Methodology used ELISA techniques essentially the same described in Wirtz et al. (1987a,b).

Lyophilized monoclonals antibodies for Plasmodium falciparum, P. vivax VK210, P.vivax VK247 and P. malariae and, positive controls used were kindly provided by Dr Pamela Patterson, National Center for Infectious Diseases, Centers for Disease Control and Prevention-CDC, produced by Kirkegaard & Perry Laboratories.

Statistics - Results were analyzed by Pearson's correlation coefficient, Student's t test and, standard error of the correlation coefficient (Rodrigues 1993). Pearson's correlation coefficient (r) was used to evaluate the degree of dependence between variables. Student's t test (t) identified significant levels of dependence between variables to determine whether one had an effect on other variables or were related by chance. Significant levels were designated as twice correlation coefficient difference from the correlation coefficient r.

 

RESULTS

Adult collections - From May 1996 to April 1998, 7,263 specimens were identified to five species: An. albitarsis (82.8%), An. darlingi (10.3%), An. braziliensis (5.5%), An. peryassui (0.9%), and An. nuneztovari (0.5%).

The number of collectors/night ranged from 1-6, 2.6 mean, during the study period in 13 de Setembro. In Caranã, the number of collectors/night ranged from 2-3 (mean 2.2). Total man-hours of collection was 1,194 for 13 de Setembro and 110 for Caranã.

Mosquito biting indices (BI) were highest seasonally during the first hour after sunset (18:00-19:00 h) during the rainy season (April-November) at 13 de Setembro district (Tables III). At both 13 de Setembro and Caranã districts, An. albitarsis BI, while variable seasonally, were higher than for other anophelines species (as high as 27.7 in September 1996). An. nuneztovarispecimens were collected only at 13 de Setembro with BI of = 0.2 (May-October 1996 and January-March 1997). An.peryassuiwas collected only at Caranã. An. darlingi, An. braziliensis, An. nuneztovari and An. peryassui were infrequently collected throughout the study at both districts.

To determine host-seeking activity, monthly 12 h collections (18:00-06:00 h) were performed at 13 de Setembro from May 1996 through April 1997. A total of 1,334 specimens were collected, An. albitarsis (76%), An. darlingi (21.2%), An. braziliensis (2.1%) and An. nuneztovari (0.7%) (Fig. 3).

An. albitarsis, the most abundant species, was found throughout the night with peaks at sunset (18:00-20:00 h) and during the middle of the night (23:00-02:00 h). These peaks were observed in May and August through November 1996. An. darlingi was found biting throughout the night (May, July, August and November 1996). A biting peak was observed for An. darlingi only in September 1996, when most specimens were collected at sunset. An. braziliensis and An. nuneztovari were present in small numbers, always at sunset.

Immature collections - At 13 de Setembro, a total of 342 immature anopheline specimens were collected during 80 days of collections from irregular excavations along the north margin of Branco River associated with manual brick manufacturing. Species collected were 209 An. albitarsis, 17 An. nuneztovari, 17 An. darlingi and 10 An. oswaldoi. An. oswaldoi was found only in this type of collection. Water was turbid, mixed with clay, with temperatures and pH ranging from 22.7-27.6°C and 6-6.5 mean, respectively, during the time of collection, from May 1996 through January 1997 (Table III).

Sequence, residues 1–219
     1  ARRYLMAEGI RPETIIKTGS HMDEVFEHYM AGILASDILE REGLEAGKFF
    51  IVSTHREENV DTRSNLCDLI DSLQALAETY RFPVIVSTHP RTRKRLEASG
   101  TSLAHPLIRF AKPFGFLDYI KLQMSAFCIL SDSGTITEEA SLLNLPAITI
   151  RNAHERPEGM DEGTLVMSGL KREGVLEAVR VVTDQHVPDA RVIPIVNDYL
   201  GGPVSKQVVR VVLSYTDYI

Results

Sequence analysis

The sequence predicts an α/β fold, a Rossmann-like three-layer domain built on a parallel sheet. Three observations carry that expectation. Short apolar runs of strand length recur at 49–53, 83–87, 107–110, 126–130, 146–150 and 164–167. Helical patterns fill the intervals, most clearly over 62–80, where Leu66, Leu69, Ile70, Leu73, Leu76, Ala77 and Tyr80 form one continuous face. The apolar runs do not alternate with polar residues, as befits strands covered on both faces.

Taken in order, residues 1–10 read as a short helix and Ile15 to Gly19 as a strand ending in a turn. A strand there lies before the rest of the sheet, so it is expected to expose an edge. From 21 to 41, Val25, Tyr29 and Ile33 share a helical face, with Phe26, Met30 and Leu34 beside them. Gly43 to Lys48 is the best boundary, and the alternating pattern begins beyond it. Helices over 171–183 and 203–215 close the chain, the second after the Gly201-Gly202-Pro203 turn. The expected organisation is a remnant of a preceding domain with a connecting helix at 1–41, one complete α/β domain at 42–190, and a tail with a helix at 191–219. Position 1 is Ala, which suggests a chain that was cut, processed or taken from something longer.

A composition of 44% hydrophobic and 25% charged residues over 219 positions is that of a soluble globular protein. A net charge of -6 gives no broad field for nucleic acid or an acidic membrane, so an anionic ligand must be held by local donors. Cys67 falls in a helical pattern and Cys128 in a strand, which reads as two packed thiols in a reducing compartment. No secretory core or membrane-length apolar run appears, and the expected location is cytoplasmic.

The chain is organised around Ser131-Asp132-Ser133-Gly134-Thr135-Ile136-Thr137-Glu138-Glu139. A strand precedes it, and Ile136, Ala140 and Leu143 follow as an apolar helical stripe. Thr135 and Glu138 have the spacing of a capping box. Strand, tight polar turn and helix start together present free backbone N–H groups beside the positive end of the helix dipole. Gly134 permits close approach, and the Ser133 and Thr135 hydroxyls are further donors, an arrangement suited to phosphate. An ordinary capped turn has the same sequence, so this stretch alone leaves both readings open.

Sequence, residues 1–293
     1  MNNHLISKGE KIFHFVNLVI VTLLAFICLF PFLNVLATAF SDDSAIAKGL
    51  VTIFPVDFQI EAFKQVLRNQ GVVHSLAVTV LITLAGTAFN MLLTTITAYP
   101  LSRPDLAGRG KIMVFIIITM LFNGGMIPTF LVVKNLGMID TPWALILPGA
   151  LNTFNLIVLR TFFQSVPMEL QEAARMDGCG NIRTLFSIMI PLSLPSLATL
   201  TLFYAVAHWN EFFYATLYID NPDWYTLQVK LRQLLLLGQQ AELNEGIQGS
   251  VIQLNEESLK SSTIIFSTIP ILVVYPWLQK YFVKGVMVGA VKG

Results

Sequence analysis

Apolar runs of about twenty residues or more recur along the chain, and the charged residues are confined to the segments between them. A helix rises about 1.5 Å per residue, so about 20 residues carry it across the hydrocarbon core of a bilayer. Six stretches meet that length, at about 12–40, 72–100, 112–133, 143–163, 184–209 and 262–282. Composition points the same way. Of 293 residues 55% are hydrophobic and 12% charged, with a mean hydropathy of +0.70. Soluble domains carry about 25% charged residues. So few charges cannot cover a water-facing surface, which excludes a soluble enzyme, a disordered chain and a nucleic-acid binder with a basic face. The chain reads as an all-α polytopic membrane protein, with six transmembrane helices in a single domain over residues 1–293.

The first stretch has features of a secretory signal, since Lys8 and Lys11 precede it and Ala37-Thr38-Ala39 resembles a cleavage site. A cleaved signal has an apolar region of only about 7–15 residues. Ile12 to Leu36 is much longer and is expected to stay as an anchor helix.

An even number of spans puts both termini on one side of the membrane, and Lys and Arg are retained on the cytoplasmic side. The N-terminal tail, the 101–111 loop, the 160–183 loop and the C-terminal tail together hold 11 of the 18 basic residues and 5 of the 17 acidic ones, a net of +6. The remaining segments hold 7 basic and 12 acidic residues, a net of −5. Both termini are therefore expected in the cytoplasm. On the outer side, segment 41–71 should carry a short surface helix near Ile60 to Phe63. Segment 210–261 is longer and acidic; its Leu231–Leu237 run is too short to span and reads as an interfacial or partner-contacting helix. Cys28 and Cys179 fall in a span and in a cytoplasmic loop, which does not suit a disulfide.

Mosquito natural infection rates - A total of 7,198 specimens were analyzed by ELISA for malaria parasites. Malaria infections were found in 383 anophelines, 31 being mixed infections (MI). An. darlingi had the highest natural infection rate (IR) (8.5%, excluding MI) followed by An. albitarsis (4.6%), An. braziliensis (3%) and An. nuneztovari (2.6%). An. albitarsis was positive for all plasmodia investigated. An. peryassui was not found infected. Only one An. darlingi specimen was found infected in Caranã (Table IV). IR were calculated monthly as the number of infected specimens among the total analyzed per species (Table V).

P. vivax was the most prevailing plasmodium infecting anophelines (72.3%, both strains) followed by P. falciparum (26.1%) and P. malariae (1.6%).

Among the 27 specimens of An. albitarsis with MI, 14 were found with P. vivax VK210 and P. falciparum, 10 with P. vivax VK 210 and P.vivax VK 247 and 3 with P. vivax VK 247 and P. falciparum. The 4 specimens of An. darlingi with MI, 2 had P. vivaxVK210 and P. vivax VK 247 , 1 with P. vivax VK 210 and P. falciparum and 1 with P. vivax VK 247 and P. falciparum. The other species showed no MI.

Entomological inoculation rates - Entomological inoculation rates (EIR) were calculated monthly as the product of BI and IR (Shiff et al. 1995) (Table V). EIR varied seasonally. An. albitarsis displayed the highest monthly EIR followed by An. darlingi and An. braziliensis.

Meteorological variables, mosquitoes and malaria cases correlation - Mean monthly BI for An. albitarsis, An. darlingi, An. braziliensis were plotted against IR and EIR, rainfall, temperature, humidity and reported malaria cases for both 13 de Setembro and Caranã districts and, Boa Vista. P. malariae data for human malaria cases were not routinely diagnosed by health authorities.

Results showed that there was no significant correlation between meteorological variables tested (temperature, humidity and rainfall) and BI for 13 de Setembro (r < 0.4 ± 0.21, p > 0.05) or Caranã (r < 0.6 ± 0.3, p > 0.05).